BGSU students advocate for solar array on campus

By BG INDEPENDENT NEWS A hill created by construction debris goes mostly unoccupied during the year. Except that is on Independence Day when people gather there to watch the fireworks being launched from the stadium to the southeast. A group of Bowling Green State University students have a different vision for the site – they’d like to see an array of solar panels erected there. Recently the Environmental Action Group and Environmental Service Club drafted a letter and had it signed by a couple dozen other student leaders urging the university to take the city up on its offer to put solar panels on the site. The city’s main solar array will be located on Carter Road, but it offered to also place some on campus. No site was designated. City officials confirmed Monday night that the offer was made, but they’ve yet to hear a response from BGSU. Lily Murnen, president of the Environmental Service Group, said the university hasn’t taken enough action to fulfill its climate action plan that resulted from president Mary Ellen Mazey joining other higher education executives in signing a Climate Commitment calling for campuses to become neutral in their greenhouse gas emissions. That plan, filed in November, 2014, sets out “a vision of the institution as a sustainable campus in the 21st century, operating economically and efficiently, and producing net zero greenhouse gas emissions. This is a vision to be realized by the year 2040.” The solar project would provide “great visibility for the university showing how we are taking some steps to realize our goals,” Murnen said. Matthew Cunningham, the president of the Environmental Action Group, said, the solar panels could also provide students with hands-on learning experiences. As much as the lack of action, Dan Myers, public relations officer for the Environmental Action Group, said the students were concerned that the administration is not communicating with students. “We’re pretty significant stakeholders in the university.” Cunningham said he did see Mazey at a Presidents Day event, and that she said she would be sending a response to the letter to student government. That the activists said would not be enough. Undergraduate Student Government leaders, Cunningham said, have too much on their plate. Murnen said that this issue also…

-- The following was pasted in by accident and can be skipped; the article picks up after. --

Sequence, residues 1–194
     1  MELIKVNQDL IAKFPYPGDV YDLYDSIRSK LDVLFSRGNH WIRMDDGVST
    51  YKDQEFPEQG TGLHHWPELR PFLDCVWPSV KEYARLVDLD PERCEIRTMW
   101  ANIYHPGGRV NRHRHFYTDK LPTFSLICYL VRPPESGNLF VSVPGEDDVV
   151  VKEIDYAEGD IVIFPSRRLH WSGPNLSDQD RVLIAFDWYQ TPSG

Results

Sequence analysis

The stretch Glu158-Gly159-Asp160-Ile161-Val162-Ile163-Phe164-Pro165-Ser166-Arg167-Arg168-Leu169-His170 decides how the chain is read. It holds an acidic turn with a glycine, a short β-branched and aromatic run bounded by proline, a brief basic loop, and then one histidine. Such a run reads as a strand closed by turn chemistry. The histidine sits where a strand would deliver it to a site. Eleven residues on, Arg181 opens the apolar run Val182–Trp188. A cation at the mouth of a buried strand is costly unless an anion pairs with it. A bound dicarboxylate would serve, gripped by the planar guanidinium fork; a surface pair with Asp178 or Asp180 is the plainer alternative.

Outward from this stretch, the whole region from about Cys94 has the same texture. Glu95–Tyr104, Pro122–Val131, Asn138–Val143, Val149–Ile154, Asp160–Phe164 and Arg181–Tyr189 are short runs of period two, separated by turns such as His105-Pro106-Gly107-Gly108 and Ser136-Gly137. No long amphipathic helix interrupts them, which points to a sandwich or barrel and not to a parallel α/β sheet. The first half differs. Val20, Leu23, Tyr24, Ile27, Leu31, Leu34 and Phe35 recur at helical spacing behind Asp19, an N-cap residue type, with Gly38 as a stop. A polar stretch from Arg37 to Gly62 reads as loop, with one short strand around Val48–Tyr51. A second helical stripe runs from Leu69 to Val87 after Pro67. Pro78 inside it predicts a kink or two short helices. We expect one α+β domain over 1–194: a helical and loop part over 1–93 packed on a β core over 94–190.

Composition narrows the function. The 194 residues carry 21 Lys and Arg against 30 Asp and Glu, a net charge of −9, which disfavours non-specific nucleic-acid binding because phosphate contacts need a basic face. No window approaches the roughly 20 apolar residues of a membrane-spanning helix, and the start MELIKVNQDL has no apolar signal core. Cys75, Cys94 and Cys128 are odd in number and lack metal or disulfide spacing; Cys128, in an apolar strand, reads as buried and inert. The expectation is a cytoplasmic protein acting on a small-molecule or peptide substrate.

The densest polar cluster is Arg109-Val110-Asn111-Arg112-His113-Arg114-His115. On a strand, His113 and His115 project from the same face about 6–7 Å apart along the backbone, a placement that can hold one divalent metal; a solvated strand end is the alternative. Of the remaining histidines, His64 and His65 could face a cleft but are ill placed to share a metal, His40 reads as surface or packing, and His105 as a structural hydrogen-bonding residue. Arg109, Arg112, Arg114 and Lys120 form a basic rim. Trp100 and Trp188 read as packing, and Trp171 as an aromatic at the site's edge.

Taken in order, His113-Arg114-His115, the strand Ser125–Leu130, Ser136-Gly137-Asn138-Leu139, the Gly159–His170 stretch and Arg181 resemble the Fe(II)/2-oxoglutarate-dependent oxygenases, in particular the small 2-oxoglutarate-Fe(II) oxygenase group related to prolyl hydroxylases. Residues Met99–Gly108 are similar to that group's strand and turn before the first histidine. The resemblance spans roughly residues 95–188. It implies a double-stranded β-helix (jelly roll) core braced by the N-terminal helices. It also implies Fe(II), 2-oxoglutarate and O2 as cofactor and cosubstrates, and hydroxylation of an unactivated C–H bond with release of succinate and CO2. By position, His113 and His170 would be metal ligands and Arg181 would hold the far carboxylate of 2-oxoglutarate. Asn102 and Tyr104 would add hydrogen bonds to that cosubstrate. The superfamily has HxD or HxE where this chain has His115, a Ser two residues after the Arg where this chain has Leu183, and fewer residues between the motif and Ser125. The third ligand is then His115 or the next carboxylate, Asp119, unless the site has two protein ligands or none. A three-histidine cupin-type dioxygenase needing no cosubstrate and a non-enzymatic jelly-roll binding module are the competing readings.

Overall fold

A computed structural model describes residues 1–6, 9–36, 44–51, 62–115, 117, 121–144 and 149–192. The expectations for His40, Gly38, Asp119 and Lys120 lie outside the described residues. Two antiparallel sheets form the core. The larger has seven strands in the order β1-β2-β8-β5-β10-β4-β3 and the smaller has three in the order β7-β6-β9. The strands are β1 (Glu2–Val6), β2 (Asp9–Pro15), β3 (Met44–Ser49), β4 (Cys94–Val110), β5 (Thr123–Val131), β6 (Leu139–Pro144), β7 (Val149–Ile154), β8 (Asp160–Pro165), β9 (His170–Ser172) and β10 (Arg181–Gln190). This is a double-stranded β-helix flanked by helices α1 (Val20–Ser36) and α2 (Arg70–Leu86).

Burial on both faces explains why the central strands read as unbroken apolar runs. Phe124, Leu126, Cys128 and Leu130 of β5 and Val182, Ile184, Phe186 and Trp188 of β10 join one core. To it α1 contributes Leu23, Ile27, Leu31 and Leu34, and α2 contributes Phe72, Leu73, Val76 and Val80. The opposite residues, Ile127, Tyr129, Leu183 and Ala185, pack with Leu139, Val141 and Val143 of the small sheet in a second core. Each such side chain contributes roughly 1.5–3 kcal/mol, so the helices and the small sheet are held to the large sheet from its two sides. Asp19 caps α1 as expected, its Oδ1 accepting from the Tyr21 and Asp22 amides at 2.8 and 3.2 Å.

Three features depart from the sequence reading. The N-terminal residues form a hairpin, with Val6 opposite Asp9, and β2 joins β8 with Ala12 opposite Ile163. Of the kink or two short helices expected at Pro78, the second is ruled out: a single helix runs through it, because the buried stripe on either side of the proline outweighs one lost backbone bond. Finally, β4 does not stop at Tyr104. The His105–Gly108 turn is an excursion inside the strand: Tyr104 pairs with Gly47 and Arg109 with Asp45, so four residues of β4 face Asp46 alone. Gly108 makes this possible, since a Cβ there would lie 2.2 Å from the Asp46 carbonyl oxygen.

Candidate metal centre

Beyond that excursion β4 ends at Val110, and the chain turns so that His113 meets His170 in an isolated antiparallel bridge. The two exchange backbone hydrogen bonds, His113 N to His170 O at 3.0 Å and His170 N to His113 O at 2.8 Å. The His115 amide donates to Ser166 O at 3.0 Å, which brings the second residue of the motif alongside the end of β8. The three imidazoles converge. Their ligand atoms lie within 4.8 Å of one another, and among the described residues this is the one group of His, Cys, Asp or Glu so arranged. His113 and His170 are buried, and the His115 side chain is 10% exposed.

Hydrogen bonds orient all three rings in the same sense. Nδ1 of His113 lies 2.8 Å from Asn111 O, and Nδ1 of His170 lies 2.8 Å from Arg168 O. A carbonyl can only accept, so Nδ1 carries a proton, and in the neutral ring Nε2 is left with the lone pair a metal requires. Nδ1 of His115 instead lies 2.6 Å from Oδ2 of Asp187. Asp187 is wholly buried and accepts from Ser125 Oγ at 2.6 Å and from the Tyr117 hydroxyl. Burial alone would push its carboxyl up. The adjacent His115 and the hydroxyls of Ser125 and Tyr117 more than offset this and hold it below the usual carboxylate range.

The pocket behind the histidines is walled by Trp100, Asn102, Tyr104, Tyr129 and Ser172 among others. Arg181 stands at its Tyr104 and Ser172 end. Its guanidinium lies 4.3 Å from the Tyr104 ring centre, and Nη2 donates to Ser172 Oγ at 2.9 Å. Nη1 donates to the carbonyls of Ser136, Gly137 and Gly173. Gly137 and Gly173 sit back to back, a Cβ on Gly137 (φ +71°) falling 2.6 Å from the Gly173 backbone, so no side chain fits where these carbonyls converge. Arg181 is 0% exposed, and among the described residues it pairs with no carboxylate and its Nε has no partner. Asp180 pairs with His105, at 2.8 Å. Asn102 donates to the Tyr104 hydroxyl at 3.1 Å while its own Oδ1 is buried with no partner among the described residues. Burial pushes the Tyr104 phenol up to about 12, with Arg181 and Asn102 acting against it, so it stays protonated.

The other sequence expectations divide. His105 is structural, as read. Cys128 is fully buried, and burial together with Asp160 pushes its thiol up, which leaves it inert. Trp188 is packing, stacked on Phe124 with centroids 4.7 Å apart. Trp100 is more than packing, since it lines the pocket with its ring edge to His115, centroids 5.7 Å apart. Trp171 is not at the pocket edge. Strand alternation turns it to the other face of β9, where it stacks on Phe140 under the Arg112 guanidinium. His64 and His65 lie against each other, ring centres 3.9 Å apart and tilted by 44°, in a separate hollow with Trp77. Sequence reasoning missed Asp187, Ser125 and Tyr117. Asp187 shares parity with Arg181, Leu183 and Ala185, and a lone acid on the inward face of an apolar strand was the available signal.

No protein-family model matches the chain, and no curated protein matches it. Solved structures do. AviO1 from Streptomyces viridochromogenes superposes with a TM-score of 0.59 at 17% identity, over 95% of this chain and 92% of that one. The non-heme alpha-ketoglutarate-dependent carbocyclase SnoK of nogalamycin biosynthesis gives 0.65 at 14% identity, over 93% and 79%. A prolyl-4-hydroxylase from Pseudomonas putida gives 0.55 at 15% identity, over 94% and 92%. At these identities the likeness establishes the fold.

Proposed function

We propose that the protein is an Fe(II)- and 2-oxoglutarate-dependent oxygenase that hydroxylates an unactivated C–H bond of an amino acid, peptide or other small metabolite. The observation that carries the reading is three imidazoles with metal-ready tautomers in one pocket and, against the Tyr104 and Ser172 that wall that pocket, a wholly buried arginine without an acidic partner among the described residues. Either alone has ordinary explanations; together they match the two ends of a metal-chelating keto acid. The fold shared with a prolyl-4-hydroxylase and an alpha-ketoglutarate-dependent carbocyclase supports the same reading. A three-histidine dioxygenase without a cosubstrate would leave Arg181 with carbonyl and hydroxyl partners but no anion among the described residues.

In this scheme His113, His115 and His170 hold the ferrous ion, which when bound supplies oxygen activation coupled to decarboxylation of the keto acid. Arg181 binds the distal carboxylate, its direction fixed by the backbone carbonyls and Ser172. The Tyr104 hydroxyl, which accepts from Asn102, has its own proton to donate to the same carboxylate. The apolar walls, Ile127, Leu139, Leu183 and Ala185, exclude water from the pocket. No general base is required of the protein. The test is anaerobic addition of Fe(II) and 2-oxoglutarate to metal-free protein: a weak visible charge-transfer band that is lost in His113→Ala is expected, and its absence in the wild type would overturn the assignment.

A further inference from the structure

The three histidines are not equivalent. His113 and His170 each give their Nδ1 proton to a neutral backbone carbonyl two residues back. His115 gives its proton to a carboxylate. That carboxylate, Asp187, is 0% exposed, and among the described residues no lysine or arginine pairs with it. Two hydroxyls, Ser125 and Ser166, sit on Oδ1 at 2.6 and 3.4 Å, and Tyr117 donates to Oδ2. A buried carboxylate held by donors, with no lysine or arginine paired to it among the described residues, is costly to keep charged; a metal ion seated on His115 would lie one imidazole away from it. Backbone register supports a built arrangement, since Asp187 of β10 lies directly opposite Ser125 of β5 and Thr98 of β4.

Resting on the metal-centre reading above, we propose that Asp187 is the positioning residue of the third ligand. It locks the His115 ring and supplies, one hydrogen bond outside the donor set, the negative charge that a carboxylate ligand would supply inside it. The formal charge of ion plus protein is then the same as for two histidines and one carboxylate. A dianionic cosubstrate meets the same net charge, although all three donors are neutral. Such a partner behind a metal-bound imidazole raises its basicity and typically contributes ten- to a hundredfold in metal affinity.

Activist Rosa Clemente to give keynote address at BGSU Black Issues Conference

Rosa Clemente, the 2008 Green party vice presidential candidate, will be the keynote speaker for the 17th annual Black Issues Conference at BGSU. The conference, which features a wide range of research and creative presentations by students, faculty and staff, will start at 9 a.m. Saturday, Feb. 27, in the Bowen-Thompson Student Union. Presentations will include visual and performing arts and critical analyses of contemporary black society and culture from across the academic spectrum. Special emphasis is placed on current social and political movements, such as #BlackLivesMatter, and the issues of importance to black communities as we look ahead to the 2016 election cycle. Clemente’s keynote presentation will begin at 12:30 p.m. In addition to her political run in 2008, Clemente has spoken widely on issues of Afro-Puerto Rican identity, feminism and hip-hop activism. She is a graduate of SUNY-Albany and Cornell University and has studied and lectured across the country on nationalist movements, particularly those involving young people of color. She frequently speaks on youth participation in politics. Over the last 20 years, she has written for Clamor Magazine, The Final Call, The Black World Today and The Ave. Clemente’s intersectional approach to black identity and politics is especially timely. Registration is free for BGSU students and $15 for all others. Deadline was Feb. 12. For information contact Stephanie Rader at

BGSU taking a bite out of crime with forensic science